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VCR Anti-Copying Device Urged : Film Industry Asks Senate to Curb Copyright Violations

September 24, 1986|ROBYN NORWOOD | Times Staff Writer

WASHINGTON — Film industry officials, in testimony before a Senate panel, pressed Tuesday for legislation that would require electronics manufacturers to equip their videocassette recorders with a device to prevent the copying of many movie cassettes.

Jack Valenti, president of the Motion Picture Assn. of America, said such a device could be installed for less than 15 cents a unit and would foil "back-to-back" copying, the practice of connecting two video recorders to produce xunauthorized duplicates of a videocassette.

"Unauthorized back-to-back copying is a malevolent threat to the creative future," Valenti said, calling the practice "a deadly virus."

"Every unauthorized copy made from a prerecorded videocassette potentially displaces a sale or rental of a prerecorded videocassette," he said.

But a VCR manufacturers group asserted that such legislation is unwarranted, saying that the movie industry cannot show that it is suffering losses from movie copying.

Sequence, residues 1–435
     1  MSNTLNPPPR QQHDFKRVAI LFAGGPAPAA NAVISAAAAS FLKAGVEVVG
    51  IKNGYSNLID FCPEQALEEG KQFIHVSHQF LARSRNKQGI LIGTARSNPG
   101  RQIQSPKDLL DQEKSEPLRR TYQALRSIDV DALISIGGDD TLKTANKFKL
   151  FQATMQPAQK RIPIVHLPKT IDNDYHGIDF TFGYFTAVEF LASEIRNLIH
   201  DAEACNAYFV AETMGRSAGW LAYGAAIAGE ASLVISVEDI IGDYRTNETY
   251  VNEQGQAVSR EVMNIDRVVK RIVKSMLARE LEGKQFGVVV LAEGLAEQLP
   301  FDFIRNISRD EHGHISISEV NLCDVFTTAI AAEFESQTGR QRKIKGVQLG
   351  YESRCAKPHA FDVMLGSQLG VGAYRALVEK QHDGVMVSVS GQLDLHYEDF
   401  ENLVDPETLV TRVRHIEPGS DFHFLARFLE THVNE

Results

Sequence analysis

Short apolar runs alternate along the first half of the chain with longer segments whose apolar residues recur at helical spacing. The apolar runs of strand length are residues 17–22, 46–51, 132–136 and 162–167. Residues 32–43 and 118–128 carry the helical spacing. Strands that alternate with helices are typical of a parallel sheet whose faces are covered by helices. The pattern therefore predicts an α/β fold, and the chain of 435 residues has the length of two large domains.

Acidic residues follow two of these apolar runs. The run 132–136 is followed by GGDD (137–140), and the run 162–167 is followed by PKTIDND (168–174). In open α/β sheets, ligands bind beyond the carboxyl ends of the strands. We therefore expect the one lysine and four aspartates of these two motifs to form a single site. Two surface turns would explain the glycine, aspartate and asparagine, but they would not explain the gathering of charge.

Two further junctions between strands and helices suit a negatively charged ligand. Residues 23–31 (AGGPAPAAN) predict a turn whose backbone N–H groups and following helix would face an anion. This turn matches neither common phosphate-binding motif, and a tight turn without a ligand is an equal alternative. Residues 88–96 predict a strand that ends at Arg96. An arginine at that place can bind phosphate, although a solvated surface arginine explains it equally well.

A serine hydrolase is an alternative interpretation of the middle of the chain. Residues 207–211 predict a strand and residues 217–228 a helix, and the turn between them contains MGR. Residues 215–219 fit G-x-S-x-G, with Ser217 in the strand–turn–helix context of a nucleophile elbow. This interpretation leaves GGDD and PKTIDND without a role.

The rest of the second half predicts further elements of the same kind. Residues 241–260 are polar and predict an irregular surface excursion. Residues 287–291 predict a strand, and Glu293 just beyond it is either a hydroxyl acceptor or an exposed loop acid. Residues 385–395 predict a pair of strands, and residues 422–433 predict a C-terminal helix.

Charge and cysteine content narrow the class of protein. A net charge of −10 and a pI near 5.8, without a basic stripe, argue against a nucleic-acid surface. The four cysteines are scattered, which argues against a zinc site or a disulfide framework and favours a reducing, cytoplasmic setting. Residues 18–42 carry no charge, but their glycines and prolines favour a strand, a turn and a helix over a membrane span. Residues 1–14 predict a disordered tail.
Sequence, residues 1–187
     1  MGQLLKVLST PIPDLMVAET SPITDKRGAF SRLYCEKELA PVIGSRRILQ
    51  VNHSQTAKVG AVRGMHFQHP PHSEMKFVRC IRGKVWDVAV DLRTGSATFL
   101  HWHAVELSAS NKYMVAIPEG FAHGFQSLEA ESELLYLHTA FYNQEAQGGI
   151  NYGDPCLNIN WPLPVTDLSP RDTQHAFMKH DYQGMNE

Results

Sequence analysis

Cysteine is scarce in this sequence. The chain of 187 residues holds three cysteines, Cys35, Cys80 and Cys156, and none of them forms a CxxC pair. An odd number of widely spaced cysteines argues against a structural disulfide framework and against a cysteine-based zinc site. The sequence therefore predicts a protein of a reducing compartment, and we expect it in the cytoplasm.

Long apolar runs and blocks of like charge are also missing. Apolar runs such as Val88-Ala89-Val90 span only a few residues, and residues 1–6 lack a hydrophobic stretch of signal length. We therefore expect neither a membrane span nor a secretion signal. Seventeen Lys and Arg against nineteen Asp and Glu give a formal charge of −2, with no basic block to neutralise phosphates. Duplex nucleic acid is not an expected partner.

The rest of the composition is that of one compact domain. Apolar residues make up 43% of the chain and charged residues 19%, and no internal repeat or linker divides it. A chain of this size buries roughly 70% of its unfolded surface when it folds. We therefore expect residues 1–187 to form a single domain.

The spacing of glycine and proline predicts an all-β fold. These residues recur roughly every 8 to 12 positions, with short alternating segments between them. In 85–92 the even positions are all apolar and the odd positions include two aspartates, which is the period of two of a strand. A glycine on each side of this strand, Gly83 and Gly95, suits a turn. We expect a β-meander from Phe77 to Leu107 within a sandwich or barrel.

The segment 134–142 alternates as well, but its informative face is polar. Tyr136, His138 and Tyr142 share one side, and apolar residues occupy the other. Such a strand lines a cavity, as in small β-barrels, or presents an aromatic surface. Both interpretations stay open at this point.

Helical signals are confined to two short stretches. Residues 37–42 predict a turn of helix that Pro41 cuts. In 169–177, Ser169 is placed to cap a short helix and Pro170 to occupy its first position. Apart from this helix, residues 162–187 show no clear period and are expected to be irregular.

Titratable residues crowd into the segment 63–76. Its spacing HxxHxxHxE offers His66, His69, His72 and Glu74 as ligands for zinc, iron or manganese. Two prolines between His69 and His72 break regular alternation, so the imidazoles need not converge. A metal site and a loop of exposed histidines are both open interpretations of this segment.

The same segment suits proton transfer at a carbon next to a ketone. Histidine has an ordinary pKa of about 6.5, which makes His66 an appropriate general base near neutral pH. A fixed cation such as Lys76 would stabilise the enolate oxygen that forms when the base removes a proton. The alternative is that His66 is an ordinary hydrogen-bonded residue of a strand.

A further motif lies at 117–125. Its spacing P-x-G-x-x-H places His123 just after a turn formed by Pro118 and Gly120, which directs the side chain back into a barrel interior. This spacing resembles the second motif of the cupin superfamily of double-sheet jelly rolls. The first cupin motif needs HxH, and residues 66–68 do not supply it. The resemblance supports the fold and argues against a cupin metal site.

"When you can rent a movie for $1, why would it make sense to spend $6 or $8 for a movie rental and a blank tape? In no way are video recorders causing harm to Hollywood producers." Rather, he said, VCRs will provide $1.8 billion in videocassette business for the film industry this year.

Dispute Since 1976

The testimony was presented to the Senate Judiciary Committee. The film industry and VCR manufacturers have been clashing over copyright issues since 1976, when the copyright laws were last rewritten. In 1984, the Supreme Court, ruling in a suit filed by Universal City Studios and Walt Disney Productions against Sony, the maker of the Betamax recorder, said consumers do not violate the law when they tape television shows for their own use, nor do companies that sell the recording machines to the public.

The anti-copying device promoted by the film industry would function by reading an encoded marker on a cassette. The system would cause no disturbance in normal playback but would interrupt the picture at 30-second intervals if duplication were attempted. The system would not interfere with the taping of television programs.

James G. Fifield, president and chief executive of CBS/Fox, said individual VCR manufacturers would be unlikely to put such devices in their units because it would put them at a competitive disadvantage, with most consumers probably choosing to buy recorders that allowed them to copy movie cassettes.

In 1984, film industry officials sought a royalty tax on rentals and sales of copyrighted movies to compensate for any unauthorized copying, but the legislation did not pass.

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